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Climatic seasonality is linked to the occurrence of the mixed evergreen and deciduous broad-leaved forests in China
Chinese Acad Sci, Inst Bot, State Key Lab Vegetat & Environm Change, 20 Nanxincun, Beijing 100093, Peoples R China..
University of Gävle, Faculty of Engineering and Sustainable Development, Department of Electrical Engineering, Mathematics and Science, Biology. Univ Helsinki, Dept Forest Sci, Helsinki, Finland..
Chinese Acad Sci, Inst Bot, State Key Lab Vegetat & Environm Change, 20 Nanxincun, Beijing 100093, Peoples R China.;Univ Chinese Acad Sci, Beijing 100049, Peoples R China..
2019 (English)In: Ecosphere, ISSN 2150-8925, E-ISSN 2150-8925, Vol. 10, no 9, article id e02862Article in journal (Refereed) Published
Abstract [en]

Evergreen and deciduous broad-leaved tree species can coexist across the globe and constitute different broad-leaved forests along large-scale geographical and climatic gradients. A better understanding of climatic influence on the distribution of mixed evergreen and deciduous broad-leaved forest is of fundamental importance when assessing this mixed forest's resilience and predicting potential dynamics of broad-leaved forests under future climate change. Here, we quantified the horizontal distribution of this mixed forest in mountains in relation to climate seasonality by compiling vegetation information from the earlier records and our own field sampling on major subtropical mountains of China. We found that the probability of occurrence of this forest in subtropical mountains was positively associated with the latitude but not the longitude. The occurrence probability of this forest was observed at high-temperature but not precipitation seasonality mountains. Temperature seasonality was five times more important than precipitation seasonality in explaining the total variation of occurrence of this mixed forest. For its distribution, our results shed light on that temperature seasonality was generally a more powerful predictor than precipitation seasonality for montane mixed forest distribution. Collectively, this study clearly underscores the important role of temperature seasonality, a previously not quantified climatic variable, in the occurrence of this mixed forest along geographical gradients and hence yields useful insight into our understanding of climate-vegetation relationships and climate change vulnerability assessment in a changing climate.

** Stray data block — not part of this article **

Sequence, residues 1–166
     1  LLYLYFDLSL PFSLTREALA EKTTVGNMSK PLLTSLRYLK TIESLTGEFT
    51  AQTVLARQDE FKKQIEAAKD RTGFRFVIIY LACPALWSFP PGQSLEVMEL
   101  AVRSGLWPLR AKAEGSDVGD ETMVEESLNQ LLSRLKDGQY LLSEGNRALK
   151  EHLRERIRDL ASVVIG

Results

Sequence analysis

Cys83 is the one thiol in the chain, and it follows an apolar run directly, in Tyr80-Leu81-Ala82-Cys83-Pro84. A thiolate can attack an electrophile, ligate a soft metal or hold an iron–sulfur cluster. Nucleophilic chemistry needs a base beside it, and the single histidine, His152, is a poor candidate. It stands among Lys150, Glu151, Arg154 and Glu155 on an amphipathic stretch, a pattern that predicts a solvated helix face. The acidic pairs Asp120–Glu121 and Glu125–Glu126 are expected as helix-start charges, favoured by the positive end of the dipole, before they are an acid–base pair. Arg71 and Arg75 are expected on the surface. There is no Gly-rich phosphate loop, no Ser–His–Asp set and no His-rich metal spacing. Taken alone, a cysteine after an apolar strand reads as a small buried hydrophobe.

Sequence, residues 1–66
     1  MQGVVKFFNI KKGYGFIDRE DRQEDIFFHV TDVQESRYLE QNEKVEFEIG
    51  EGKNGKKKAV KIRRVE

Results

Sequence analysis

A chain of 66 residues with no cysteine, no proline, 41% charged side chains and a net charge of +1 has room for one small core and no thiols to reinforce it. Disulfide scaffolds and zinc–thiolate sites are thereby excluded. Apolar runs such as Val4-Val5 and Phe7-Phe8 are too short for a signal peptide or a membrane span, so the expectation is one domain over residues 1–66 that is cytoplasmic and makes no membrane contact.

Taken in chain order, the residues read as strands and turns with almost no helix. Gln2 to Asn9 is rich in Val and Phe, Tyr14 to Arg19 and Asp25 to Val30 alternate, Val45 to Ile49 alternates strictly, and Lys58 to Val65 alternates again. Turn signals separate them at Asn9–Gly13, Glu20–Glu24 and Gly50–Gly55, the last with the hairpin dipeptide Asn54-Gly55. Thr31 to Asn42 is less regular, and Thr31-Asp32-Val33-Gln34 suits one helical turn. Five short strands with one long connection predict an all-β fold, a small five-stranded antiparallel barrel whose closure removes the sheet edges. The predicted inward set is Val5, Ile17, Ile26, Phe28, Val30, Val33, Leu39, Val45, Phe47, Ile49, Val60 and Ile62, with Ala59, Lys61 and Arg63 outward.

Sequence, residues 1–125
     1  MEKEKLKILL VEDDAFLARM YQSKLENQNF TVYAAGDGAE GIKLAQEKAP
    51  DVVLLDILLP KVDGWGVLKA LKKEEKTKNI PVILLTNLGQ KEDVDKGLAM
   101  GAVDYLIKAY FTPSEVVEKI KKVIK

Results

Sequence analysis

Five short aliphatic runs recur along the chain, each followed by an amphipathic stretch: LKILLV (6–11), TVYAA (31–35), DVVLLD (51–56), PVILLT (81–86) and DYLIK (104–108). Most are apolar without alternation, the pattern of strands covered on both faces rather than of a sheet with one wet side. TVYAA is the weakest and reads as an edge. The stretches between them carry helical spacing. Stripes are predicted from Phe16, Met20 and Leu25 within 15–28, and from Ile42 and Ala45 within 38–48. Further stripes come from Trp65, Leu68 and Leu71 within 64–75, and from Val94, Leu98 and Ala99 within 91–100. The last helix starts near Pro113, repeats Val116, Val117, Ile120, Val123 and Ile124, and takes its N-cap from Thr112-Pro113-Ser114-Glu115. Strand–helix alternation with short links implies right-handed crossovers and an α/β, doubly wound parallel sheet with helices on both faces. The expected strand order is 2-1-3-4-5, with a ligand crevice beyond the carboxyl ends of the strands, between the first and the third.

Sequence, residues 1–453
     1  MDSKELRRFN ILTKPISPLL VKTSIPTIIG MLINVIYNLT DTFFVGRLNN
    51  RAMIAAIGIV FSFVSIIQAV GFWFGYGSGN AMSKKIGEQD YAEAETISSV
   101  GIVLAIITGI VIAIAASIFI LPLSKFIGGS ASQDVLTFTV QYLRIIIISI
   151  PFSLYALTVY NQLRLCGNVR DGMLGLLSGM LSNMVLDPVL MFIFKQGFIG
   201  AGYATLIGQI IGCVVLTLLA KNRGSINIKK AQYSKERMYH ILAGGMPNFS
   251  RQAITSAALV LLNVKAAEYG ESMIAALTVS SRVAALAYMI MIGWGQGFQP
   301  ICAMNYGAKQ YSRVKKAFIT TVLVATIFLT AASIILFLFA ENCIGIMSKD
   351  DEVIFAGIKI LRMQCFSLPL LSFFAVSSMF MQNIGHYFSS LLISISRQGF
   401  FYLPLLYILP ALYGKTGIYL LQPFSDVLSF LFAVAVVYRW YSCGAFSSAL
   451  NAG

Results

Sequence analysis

Place, publisher, year, edition, pages
John Wiley & Sons, 2019. Vol. 10, no 9, article id e02862
Keywords [en]
leaf habit, mixed forest, subtropical mountains, temperature seasonality, transition zone, vegetation zonation
National Category
Biological Sciences
Identifiers
URN: urn:nbn:se:hig:diva-31062DOI: 10.1002/ecs2.2862ISI: 000490766500026OAI: oai:DiVA.org:hig-31062DiVA, id: diva2:1372817
Available from: 2019-11-25 Created: 2019-11-25 Last updated: 2019-11-25Bibliographically approved

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  • apa
  • harvard-cite-them-right
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